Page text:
Jesus promised to be with us always until the end of the world. That promise is fulfilled in the mystery of the Eucharist. We have the honor today of receiving His Body. Let us ask Him to deepen our faith in this miracle so that we may receive it worthily and be transformed in love even as He has loved us.

Saturday, August 15, 2015

Feast of the Assumption


We honor the Blessed Virgin Mary above all women who have ever lived. Because she had the great honor of carrying our Lord and Saviour Jesus Christ within her very body, we celebrate her life of faith with many feasts throughout the year, including today. As she says of herself, “From this day all generations will call me blessed.”

There are many, however, who question the honor we show to Mary. They wonder if it somehow takes away from the honor that is due to God alone. By acknowledging our Blessed Mother, are we offending our Heavenly Father who alone deserves all glory and praise.

A few examples should help us understand how it is that by honoring Mary we also give honor to her Son, Jesus.

Often when we look out at the created world we cannot help but marvel at the beauty of it all. When we see the majesty of the ocean or the awesome expanse of the universe, does it not lead us to give praise to the God who created it all? Does it not cause us to wonder how great the God who brought it all forth from nothing must be? Just so, when we honor Mary’s role as mother of our Saviour and the deep faith with which she lived her life, do we not also honor our Heavenly Father who created her and endowed her with so many graces?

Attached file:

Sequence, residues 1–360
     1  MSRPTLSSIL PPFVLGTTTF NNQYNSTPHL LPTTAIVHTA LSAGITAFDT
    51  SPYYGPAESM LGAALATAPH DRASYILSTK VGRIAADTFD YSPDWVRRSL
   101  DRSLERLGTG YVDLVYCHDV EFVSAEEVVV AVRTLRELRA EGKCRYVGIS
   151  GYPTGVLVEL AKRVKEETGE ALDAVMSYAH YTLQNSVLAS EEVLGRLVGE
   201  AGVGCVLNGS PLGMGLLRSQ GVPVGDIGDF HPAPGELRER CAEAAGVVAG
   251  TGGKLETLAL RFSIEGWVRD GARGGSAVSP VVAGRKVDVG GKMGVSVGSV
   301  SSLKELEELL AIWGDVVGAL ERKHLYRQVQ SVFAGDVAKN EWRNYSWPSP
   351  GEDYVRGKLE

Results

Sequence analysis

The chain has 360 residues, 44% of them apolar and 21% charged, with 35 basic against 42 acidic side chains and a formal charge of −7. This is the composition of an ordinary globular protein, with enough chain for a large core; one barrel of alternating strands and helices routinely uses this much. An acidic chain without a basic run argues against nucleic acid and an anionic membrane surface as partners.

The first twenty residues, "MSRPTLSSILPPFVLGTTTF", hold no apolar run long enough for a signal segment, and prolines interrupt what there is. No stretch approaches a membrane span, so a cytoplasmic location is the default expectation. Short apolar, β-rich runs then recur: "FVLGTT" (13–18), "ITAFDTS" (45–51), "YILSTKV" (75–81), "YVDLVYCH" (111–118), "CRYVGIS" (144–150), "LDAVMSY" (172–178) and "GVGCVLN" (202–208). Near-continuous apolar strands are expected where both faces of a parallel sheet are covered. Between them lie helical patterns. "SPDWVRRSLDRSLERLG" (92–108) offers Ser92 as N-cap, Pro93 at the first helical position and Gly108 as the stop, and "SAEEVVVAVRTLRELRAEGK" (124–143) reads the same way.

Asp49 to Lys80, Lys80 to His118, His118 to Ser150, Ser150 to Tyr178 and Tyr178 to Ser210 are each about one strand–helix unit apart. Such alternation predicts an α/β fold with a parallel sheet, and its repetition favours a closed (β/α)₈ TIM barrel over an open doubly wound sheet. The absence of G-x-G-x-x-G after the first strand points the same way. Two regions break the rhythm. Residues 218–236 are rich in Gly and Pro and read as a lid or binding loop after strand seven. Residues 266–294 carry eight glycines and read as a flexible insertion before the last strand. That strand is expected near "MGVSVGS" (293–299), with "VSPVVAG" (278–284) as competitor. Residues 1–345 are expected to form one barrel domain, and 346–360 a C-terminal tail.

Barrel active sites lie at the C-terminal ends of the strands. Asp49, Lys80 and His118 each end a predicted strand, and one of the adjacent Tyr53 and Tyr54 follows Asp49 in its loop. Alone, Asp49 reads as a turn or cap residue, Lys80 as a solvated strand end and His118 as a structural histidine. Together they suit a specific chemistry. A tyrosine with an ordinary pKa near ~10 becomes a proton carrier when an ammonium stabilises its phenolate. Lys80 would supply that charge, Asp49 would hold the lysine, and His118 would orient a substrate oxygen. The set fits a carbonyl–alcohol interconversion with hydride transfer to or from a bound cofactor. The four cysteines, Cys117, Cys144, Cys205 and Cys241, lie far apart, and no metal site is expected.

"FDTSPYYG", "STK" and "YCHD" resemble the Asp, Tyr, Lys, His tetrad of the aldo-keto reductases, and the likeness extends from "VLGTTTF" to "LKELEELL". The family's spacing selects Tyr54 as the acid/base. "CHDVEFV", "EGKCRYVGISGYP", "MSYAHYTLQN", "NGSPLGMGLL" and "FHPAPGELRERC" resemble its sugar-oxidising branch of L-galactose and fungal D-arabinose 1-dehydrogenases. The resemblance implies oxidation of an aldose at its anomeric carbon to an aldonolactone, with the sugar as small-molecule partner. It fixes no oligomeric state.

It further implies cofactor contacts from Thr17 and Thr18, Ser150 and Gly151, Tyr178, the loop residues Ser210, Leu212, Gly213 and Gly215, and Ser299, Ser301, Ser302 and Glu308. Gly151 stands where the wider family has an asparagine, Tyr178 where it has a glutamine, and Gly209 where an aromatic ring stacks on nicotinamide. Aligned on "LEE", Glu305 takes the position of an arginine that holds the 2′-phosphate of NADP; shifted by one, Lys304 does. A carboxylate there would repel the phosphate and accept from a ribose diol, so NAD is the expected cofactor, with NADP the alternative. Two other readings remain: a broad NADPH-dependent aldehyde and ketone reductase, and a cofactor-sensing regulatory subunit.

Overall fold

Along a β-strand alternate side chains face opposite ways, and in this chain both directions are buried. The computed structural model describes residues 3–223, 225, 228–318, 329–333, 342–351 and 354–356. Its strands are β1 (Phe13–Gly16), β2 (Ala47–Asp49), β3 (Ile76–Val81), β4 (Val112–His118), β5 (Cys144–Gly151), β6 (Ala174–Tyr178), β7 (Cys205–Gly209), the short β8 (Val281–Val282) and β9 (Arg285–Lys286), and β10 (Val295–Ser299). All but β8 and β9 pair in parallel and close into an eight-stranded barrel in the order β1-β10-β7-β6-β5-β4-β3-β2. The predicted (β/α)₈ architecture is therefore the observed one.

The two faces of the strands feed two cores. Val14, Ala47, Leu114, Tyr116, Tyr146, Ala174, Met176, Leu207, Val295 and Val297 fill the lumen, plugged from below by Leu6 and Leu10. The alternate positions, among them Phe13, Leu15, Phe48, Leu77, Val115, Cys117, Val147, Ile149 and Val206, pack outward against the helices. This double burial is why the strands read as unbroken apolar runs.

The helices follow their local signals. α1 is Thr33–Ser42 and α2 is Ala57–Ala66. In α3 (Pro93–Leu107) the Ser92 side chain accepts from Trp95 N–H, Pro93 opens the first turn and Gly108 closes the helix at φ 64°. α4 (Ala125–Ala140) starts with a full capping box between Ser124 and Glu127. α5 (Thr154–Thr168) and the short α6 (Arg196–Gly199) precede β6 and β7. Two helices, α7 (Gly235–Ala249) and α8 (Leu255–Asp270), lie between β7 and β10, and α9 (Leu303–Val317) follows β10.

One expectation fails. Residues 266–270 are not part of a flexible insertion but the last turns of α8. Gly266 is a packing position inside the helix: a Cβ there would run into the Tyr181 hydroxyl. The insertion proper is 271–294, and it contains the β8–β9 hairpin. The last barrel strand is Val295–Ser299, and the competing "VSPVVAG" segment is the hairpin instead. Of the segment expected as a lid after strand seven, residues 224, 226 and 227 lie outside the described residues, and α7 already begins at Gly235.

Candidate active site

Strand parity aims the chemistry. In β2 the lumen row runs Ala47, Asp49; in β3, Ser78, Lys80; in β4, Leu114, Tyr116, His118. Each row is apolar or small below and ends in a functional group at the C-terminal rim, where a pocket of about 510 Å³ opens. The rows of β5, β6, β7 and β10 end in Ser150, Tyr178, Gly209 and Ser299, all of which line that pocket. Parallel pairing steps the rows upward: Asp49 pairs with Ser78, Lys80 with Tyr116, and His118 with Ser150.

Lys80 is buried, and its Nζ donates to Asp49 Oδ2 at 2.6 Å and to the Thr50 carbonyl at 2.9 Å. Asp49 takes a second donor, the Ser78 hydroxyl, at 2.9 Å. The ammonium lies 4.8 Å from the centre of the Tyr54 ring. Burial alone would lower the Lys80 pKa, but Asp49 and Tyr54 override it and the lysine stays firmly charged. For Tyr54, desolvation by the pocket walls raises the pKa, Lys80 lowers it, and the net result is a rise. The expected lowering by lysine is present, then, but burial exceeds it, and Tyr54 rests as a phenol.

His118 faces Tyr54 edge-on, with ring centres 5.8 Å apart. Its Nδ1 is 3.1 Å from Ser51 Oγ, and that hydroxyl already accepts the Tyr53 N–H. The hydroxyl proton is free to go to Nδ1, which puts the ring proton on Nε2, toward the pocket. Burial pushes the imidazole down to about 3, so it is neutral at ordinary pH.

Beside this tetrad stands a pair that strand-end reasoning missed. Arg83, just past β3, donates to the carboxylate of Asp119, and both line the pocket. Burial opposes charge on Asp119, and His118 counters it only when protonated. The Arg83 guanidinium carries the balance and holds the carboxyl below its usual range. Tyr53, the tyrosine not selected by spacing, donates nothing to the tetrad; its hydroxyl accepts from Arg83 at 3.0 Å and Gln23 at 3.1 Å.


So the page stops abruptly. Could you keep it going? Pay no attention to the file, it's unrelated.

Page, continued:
Another helpful example is that of an artist. If I were to praise a masterful painting, would the artist be offended? If I were to go on and on about how moving a piece of sculpture is, would the one who created it say that by doing so I was ignoring her? Of course not. The painter or sculptor would take pride in my recognition of his or her masterpiece. Just so, when we recognize the beauty of our Blessed Mother we are honoring the God who made her.

Of all her wonderful qualities, the one fact of her life that we celebrate is her “yes” in participating with God in bringing forth Jesus. Without that “yes”, our Lord and Savior could not be born. Our Heavenly Father did not coerce or force Mary to be the mother of His Son. Rather He sent an angel to invite her to play such a momentous role in our salvation. In total trust in God’s plan, she put aside her own plans and dreams. Though she may never have fully understood how it would all turn out, she stood at Jesus’ side right up to His death on the cross.